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Diamond ring through thin cloudsIPhotographer Wei-Feng Xue got the rare chance to observe a total solar eclipse along the path of totality in northern Georgia on Aug. 21, 2017. His gorgeous image of the Great American Eclipse, with the sun's corona showing up like a diamond ring, snagged runner-up in the Astronomy category. To capture the shot, Xue used a Canon EOS6D digital SLR camera with an EF 70-200mm + 2x extender.
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Pele's fireUsing a 55-300mm Tele lens, photographer Sabrine Koehler of the University of Hawai'i at Manoa won honorable mention in the Earth Science and Climatology category of the 2017 Royal Society Publishing Photography Competition and collected a stunning image of the power of the 61g lava flow at the current Pu'u O'o eruption site of the Kilauea volcano. The term "61g" refers to the seventh flow (indicated by letters of the alphabet) in the sequence of events that make up the so-called 61st episode of the current eruption from the East Rift Zone of Kilauea, according to the U.S. Geological Survey.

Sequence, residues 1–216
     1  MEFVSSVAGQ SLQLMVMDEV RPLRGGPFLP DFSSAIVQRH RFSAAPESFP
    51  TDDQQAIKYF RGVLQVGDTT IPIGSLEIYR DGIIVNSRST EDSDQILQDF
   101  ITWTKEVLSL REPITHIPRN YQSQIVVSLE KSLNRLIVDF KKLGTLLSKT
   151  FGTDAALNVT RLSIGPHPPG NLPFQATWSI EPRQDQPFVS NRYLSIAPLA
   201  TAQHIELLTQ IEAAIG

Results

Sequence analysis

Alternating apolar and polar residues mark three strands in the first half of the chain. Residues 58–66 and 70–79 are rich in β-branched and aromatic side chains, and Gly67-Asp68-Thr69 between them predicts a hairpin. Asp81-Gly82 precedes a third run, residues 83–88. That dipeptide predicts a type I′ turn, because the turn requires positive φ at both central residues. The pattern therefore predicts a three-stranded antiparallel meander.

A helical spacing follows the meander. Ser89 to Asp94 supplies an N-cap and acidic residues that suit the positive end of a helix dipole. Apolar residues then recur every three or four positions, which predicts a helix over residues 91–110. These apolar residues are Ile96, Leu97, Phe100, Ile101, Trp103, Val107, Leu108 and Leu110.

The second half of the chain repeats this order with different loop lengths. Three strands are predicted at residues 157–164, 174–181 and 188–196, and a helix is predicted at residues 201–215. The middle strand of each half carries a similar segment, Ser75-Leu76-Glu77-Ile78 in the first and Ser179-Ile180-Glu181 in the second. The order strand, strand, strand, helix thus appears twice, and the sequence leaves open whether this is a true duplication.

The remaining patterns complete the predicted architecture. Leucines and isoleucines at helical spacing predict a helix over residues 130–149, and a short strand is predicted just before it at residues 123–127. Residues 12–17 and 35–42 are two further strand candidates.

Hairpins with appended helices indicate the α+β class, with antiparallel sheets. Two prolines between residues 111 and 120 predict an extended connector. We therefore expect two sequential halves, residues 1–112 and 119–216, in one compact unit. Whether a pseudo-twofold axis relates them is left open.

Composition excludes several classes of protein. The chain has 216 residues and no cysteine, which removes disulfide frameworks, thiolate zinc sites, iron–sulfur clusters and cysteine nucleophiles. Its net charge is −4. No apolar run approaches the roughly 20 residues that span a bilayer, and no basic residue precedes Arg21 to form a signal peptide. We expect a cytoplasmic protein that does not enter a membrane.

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Toss the scorpionIn Tadoba, India, photographer Susmita Datta captured an image of a rascally Indian roller bird playing with its morning snack, a scorpion. The image, taken during a morning safari on the Tadoba Andhari Tiger Reserve using a Canon 60D with a Sigma 150-500 lens, brought an honorable mention in the Behavior category to the photographer.
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Within ReachOver ESO's Paranal Observatory, the skies echo oil on water with the many colors blending into an shimmering skyscape.
The image, featuring our own Milky Way arching across the Chilean night sky with the Very Large Telescope off in the far distance, won photographer Petr Horálek an honorable mention in the Astronomy category of the 2017 Royal Society Publishing Photography Competition.